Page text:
The Obama administration has proposed major changes in defense policy. In an earlier era these sweeping proposals would have sparked intense and highly visible discussion and debate. Unfortunately, this has not yet happened.
This is the case despite combat engagement in two extremely long wars in Afghanistan and Iraq. The U.S. Department of Defense is also involved in a range of military missions in many other places around the globe, along with the continuing struggle against al Qaeda and other terrorist groups since the attacks of 9/11.
Defense Secretary Chuck Hagel is proposing a substantial change in the profile of our military forces. The remarkably durable U-2 spy plane and highly effective A-10 ground support jet are to be retired. The Army is to be reduced by approximately 70,000 from the current level of 520,000. By contrast, the Marine Corps will be maintained at the current 190,000, and special operations forces increased.
Hagel vows to reduce the overall number of military bases. Their total reflects domestic political patronage more than strategic necessity, and he deserves credit for taking on the issue.
Republicans routinely dismiss the Obama administration's defense postures as weak, but have yet to define and press detailed alternatives. This simplistic approach neglects a number of facts, including service by Secretary of State John Kerry as well as Republican Hagel in combat in the Vietnam War. They also by the way both served in the United States Senate.
In addition to the discipline of detailed analysis of proposals, at least two more fundamental subjects regarding Pentagon policies should be addressed. First, constant deployments have severely stressed American military personnel, with high rates of suicide and mental illness.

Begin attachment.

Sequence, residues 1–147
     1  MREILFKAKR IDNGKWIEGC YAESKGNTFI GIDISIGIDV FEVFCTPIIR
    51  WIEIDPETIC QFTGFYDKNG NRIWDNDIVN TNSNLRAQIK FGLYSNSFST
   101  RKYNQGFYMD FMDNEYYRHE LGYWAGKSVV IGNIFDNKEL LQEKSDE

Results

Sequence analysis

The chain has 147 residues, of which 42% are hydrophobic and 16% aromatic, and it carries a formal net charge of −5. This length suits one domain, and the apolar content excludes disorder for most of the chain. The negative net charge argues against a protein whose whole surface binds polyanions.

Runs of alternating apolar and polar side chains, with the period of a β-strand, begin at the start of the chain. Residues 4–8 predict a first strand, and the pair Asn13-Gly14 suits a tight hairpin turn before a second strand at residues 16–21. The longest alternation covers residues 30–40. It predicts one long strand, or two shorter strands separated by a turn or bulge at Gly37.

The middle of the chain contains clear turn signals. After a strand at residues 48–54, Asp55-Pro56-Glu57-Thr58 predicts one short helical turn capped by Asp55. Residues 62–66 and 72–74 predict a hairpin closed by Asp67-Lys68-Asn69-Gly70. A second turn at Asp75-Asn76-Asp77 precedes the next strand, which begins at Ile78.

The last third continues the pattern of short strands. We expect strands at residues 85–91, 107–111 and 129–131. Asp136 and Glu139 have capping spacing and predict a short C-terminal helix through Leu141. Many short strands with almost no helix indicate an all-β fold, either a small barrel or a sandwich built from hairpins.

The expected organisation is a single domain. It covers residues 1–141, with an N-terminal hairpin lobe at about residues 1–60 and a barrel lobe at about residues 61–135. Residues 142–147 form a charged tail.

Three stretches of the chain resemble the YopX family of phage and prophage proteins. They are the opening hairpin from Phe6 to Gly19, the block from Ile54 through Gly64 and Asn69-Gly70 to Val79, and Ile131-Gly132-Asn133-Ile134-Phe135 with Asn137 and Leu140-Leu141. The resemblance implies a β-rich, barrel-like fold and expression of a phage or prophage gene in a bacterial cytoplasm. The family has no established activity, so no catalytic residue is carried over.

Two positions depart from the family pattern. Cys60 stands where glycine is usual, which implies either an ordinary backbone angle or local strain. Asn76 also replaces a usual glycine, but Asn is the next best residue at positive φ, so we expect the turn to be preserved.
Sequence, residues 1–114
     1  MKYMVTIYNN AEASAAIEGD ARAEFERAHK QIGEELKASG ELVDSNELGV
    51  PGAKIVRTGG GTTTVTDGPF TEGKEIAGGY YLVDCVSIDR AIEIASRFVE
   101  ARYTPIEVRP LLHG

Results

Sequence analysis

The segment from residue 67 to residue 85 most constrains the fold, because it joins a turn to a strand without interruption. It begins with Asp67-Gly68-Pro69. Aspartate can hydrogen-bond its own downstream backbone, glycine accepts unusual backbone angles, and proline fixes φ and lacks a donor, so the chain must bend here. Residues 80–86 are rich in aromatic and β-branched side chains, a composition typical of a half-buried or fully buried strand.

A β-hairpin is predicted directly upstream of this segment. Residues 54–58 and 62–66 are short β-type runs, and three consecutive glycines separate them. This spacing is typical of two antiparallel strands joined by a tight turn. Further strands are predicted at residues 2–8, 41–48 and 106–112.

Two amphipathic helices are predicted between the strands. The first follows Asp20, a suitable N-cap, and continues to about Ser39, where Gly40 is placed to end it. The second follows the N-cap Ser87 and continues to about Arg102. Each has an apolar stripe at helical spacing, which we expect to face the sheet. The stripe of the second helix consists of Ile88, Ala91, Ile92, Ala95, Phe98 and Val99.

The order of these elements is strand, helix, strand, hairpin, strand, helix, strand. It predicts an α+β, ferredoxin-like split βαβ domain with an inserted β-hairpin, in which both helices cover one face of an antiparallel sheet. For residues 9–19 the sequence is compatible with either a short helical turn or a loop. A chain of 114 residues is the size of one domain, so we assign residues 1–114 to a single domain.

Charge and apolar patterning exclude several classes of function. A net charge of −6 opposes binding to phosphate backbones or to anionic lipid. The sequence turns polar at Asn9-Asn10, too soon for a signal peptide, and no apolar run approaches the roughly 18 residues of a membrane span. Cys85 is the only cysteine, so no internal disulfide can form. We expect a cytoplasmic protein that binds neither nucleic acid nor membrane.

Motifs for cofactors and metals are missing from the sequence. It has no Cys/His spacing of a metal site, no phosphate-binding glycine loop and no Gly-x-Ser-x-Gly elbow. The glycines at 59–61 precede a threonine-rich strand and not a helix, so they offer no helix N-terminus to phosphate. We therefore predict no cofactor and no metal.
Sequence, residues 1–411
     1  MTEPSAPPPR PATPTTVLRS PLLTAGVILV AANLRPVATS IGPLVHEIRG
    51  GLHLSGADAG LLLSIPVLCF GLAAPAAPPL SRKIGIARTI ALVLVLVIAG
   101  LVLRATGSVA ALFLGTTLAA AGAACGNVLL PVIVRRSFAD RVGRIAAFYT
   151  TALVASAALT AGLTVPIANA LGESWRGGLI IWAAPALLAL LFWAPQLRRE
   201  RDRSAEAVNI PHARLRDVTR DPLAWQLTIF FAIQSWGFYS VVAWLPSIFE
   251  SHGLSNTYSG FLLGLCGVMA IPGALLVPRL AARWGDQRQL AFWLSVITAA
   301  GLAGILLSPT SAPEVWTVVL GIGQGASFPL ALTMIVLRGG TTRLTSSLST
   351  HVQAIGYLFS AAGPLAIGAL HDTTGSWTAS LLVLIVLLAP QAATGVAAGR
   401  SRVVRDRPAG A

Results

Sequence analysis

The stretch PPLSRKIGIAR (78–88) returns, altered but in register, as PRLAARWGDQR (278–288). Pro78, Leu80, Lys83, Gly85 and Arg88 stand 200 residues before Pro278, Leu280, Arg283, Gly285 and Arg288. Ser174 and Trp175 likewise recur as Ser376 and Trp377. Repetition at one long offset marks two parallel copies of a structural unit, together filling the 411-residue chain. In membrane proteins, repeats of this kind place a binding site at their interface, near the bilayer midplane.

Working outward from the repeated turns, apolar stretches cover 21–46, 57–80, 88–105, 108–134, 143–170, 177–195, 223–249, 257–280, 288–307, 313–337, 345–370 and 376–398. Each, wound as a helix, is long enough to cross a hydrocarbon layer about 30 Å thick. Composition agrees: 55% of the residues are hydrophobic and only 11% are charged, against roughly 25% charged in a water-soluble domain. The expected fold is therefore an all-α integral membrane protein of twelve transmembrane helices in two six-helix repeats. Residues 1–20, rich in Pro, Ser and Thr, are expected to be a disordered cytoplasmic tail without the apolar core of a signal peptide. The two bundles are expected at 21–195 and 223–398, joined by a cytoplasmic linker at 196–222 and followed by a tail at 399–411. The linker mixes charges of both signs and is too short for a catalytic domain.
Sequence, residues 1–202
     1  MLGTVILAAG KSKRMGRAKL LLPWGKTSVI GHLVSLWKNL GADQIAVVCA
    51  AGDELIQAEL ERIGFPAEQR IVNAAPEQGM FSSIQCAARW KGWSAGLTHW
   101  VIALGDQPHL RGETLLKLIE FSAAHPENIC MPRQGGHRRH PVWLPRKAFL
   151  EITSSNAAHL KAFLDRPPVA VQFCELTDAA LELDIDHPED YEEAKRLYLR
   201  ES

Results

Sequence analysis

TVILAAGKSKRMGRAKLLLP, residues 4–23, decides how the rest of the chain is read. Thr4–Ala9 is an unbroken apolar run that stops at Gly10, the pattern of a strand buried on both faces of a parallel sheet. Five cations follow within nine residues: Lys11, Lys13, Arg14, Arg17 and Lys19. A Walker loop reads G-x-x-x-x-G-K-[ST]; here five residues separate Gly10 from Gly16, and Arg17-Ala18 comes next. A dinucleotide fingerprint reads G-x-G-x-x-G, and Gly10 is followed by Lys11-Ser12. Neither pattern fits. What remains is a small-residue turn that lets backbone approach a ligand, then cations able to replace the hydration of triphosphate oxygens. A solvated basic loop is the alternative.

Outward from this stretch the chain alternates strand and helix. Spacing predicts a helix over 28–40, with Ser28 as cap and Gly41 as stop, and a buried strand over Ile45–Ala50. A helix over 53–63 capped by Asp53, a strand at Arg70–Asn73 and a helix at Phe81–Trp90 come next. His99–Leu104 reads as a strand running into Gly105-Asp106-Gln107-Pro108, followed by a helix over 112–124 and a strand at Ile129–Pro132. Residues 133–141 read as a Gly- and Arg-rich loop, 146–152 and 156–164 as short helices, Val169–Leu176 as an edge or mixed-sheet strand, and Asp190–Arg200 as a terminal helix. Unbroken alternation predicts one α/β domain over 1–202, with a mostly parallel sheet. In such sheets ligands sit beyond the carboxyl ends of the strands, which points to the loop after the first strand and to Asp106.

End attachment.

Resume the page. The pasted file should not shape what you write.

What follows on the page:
Previous Defense Secretary Robert Gates consistently emphasized this human cost. In July 2009, he visited Chicago to address the Economic Club, the first defense secretary to speak before this largely commercial group.
Gates' courageous speech emphasized the human costs to our service personnel, and also the enduring challenge of bloated defense programs. The man some criticized as a bloodless bureaucrat proved to be the reverse.
Second, Americans increasingly are contracting out military responsibilities to private commercial corporations. Blackwater, renamed Xe and then Academi to deflect notoriety, has generated tremendous deserved controversy. Until recently, these heavily armed mercenaries operated largely outside the boundaries of military or civil laws.
In contrast to alienated, marginalized Americans who in earlier generations became mercenaries, for instance in the Africa wars of the 1970s, Blackwater ranks are populated with highly experienced senior U.S. military veterans. They are generally extremely highly paid.
The activities of the military contractors reach globally, well beyond Afghanistan and Iraq. The book Corporate Warriors by P.W Singer documents Military Professional Resources Inc., another large private security firm, part of L-3 Communications Corp. MPRI has had extensive involvement in Africa, including Angola, Equatorial Guinea and Nigeria.
While Angola involvement is generally regarded as helpful to United States foreign policy, in both Guinea and Nigeria the company assisted highly repressive regimes.
This was directly contrary to United States policies. In each case, profits came first, whether congruent with or contrary to American national interests.
Pres. Dwight D. Eisenhower's farewell address to the American people warned of long-term dangers to our democracy represented by the 'military-industrial complex'. Ike's insight continues to resonate ever stronger, while our ambitious politicians -- and we complacent citizens -- continue largely to avoid this reality.
(Arthur Cyr is Clausen Distinguished Professor at Carthage College in Wisconsin and author of After the Cold War.)